4th June 1971. A twenty-four years old in a Land Rover, loaded with six months supplies and a rifle and shotgun stashed away, left Salisbury, Rhodesia, headed for Mozambique, via Malawi.
Who was he, that lucky swine?
I picked up Andew, the Lab technician where he had been staying at my cousin Marge Boultbee’s place and we cleared the border into Mozambique at Nyamapanda to start across the corridor towards Malawi. Arriving after dark in the town of Tete on the mighty Zambezi, we slept on the south bank to await the morning ferry.
There had been a line of huge trucks in the queue ahead of us, but we were fitted in between them on the ferry, so got away early. We crossed the border into Malawi at Mwanza and exited back into Mozambique at Milange, a village in the shadow of a mountain of the same name.
I had visited my other cousins in Rhodesia, the Arkell family, but I had missed Richard Arkell who, they said, was away in Malawi for a few days to get his British passport renewed in Blantyre. Stupid as it might sound, I had kept an eye out for his Peugeot 403 all the way through that country, hoping to bump into him, to no avail.
There it was in Milange, outside a pub where Richard had gone to buy some Portuguese wine! Was he surprised to see me! Well, we didn’t leave the pub until the next day…
On dirt roads all the way; via Molumbo, Gurue (with its tea plantations), Nauela then south again to Alto Moloque where the company base camp was situated. Easy to find; I just asked where the Estrangeiros were.
My team leader was Spine van Niekerk, an athletic-looking man in his thirties whom I soon came to like and respect. In the team were only two others: Joey (nee Bond) Bowbrick and Norman Trevor-Jones.
I spent my first few days with Spine, getting used to the area which has a fairly high rainfall and thus more leached soils than I had previously experienced. The vegetation was totally strange Brachystegia woodland so I was hard put to learn to identify something like a hundred new species of trees, shrubs and grasses as well as their uses.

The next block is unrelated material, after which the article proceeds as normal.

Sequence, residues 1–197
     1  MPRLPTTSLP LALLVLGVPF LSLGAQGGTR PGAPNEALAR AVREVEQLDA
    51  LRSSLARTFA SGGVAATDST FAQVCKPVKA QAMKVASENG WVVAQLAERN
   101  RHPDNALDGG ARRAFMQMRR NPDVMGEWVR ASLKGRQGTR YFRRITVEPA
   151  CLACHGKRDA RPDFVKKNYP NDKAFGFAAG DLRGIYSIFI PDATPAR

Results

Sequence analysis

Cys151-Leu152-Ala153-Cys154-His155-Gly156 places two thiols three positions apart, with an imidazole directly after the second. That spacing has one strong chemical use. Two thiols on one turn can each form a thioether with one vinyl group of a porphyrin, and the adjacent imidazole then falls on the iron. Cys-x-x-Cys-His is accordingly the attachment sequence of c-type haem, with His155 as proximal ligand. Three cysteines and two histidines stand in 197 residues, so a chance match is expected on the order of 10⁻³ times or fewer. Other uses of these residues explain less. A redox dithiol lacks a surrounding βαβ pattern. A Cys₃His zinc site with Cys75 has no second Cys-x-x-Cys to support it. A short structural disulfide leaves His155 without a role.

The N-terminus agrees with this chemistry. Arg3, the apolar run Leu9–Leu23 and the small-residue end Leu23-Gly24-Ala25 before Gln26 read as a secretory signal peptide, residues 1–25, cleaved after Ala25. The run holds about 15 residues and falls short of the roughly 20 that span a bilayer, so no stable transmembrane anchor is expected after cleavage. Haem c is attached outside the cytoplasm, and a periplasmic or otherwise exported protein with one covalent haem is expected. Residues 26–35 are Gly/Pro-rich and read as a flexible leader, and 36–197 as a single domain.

After a week, I moved to Norman’s camp near the Catholic mission outside the village of Nauela with my own team of labourers to dig the usual pits to describe and take soil samples. Jonesville grew apace as the labour built their own quick thatch and pole houses to add to our tents, grass cook-shack, bathroom and toilet. Soon there was a wigwam type hen-house to hold the chickens we bought off the locals for consumption. Other meat was scarce, so we lived off chicken, eggs and locally bought veggies.
Norman was a rough diamond, a solidly built guy, my age, aggressive but with a good sense of humour. He was engaged to a Rhodesian girl from Marandellas, Shona Stockil, to be married in December of that year.
I shot a guinea-fowl for the pot in the Nauela area, of a type I had not seen before. It looked like the common helmeted guinea-fowl but had a crest like a lourie. Not having a bird-book with me, I assumed it was the crested quinea-fowl, but later, when I saw a picture of one, and then the real thing, it was definitely not, and, while the plumed guinea-fowl has a straighter feathered crest than the crested, it was also not one of these which are in any case found further north in the Congo. Strange.
I hope I did not eat the last of a species as it went extinct!
The rough Alto Molocue airstrip was only just long enough to land the twin engined Lodestar of AOC when the Co-ordination party flew in, in mid-July. Besides Doc Loxton, Frank Merryweather and Professor John Phillips, there were two geologists, a dam specialist, the pilot and two aircrew. It was hugely interesting, learning from the learned the wider picture of how the Africa Surface has weathered down the millennia to what it is now. Prof Phillips was a very interesting and knowledgeable botanist with a wealth of stories and anecdotes from many parts of the world. He had known General Jan Smuts who also had an interest in natural history.
After Co-ord, we got stuck into mapping our areas. I moved camp to a tiny village called Inago, north of Nauela, and we had finished the bulk of the mapping when Norman and I were transferred to a new contract in the Zambezi valley, to be based at a small town called Mutarara.
We set off just after noon on 28th August. The journey was an adventure on its own.